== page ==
– Sickner for ya: This pretty much means, “That sucks” or “How unfortunate for you”. For example, a friend might say “I was smoking down the lanes and then me ma caught me” and one could respond “Awww sickner”.
– Culchie: A person from the country……. or basically anyone that comes from anywhere other than Dublin.
-Jackeen: What culchies call people from Dublin
Irish Slang for Food and Drink
-Rasher: Bacon and not the shite streaky kind they have in America. REAL bacon.
–Spicebag: A mystical bag of chips and crispy chicken/chicken balls with a mysterious blend of spices all wrapped up in a paper or foil bag. Very popular after a night out. Apparently invented in the chinese up the road from me, CLAIM TO FAME!
-Sliced Pan: Loaf of bread that has been sliced.
-Chipper: The fish & chip shop….. where they also sell spicebags.
-The messages: Groceries or food shopping. For example, “I’m going to Tesco for the messages.”
-The press: The cupboard, usually where you store the messages.
-Naggin: 200ml of some kind of spirit, often stashed in bras or bags on the way into nightclubs/festivals.
-Minerals: Soft/fizzy drinks. They don’t actually contain any literal minerals. They are in no way healthy.
-Dilutable: What other countries call “squash”. Basically stuff like Ribena that you put into water to make it taste like something else.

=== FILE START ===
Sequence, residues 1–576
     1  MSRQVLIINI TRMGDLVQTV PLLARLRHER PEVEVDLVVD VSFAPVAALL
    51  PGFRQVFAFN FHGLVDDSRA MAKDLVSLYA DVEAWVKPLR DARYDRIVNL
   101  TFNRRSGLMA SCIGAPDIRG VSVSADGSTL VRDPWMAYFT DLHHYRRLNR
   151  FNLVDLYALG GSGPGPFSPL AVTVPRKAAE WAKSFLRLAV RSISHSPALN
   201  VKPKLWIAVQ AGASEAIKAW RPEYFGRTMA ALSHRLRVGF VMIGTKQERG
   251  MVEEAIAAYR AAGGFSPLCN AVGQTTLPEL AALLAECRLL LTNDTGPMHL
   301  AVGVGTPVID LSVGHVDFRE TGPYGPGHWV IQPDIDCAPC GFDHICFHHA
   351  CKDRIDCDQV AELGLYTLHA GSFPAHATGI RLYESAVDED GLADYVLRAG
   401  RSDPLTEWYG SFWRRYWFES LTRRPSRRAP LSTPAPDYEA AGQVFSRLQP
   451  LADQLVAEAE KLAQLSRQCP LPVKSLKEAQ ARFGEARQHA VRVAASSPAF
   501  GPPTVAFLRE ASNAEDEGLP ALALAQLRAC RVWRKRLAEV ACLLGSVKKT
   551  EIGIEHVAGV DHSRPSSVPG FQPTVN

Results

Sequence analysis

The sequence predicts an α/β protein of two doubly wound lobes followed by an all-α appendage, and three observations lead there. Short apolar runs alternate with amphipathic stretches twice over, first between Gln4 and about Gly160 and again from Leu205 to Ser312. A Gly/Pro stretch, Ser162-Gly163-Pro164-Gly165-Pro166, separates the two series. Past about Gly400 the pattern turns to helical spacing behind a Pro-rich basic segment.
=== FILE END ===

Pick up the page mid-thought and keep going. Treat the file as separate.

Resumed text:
Insulting Irish Phrases
-Geebag: Translated literally it means a bag of vaginas, but we usually mean is as an insult, though I can’t see why?! For example, She’s a f*in Geebag. Try it, it sounds hilarious.
-Gobshite: Gob means mouth… and well, you know what shite means. This is often used affectionately when referring to simple yet harmless friends and family. It can also be used in an unaffectionate way…..
-Poxy: Something or someone that is bad or terrible. Used as an adjective….kind of. Example “You’re a poxy bleedin liar”, or “That poxy yoke over there”.
-The f*kin head on him: Look at him, he looks wrecked. Can also be said as “The bleedin state of him” or “The hack of him”.
-Eejit: Often used affectionately, much like gobshite. If you drop something your mother may say something along the lines of “You’re an awful eejit”.
-Shitehawk: One I heard in my childhood a lot. If my sister and I were acting up we were “little shitehawks”. I feel like a lot of insults can be used affectionately in Ireland.
– She’s a f*in weapon/wagon: She’s a mad bitch, pretty much.
– She’s pure haunty: This is a Limerick phrase meaning she’s an unfortunate looking girl wearing a lot of make-up to try and cover it up. Harsh, but effective.
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Irish Phrases for a Night Out
-Did you get the shift?: Did you kiss anyone?
-Did you get the ride?: Did you have sexual intercourse with anyone?
– I was absolutely locked/hammered/smashed/legless/paralytic: I was extremely drunk.
– I’m going on the lash: I’m going out to get f*in hammered/locked etc.
– Gee-Eyed: Literally it should mean vagina-eyed…… but, in fact, it means DRUNK. One might say “I was absolutely gee-eyed last night”.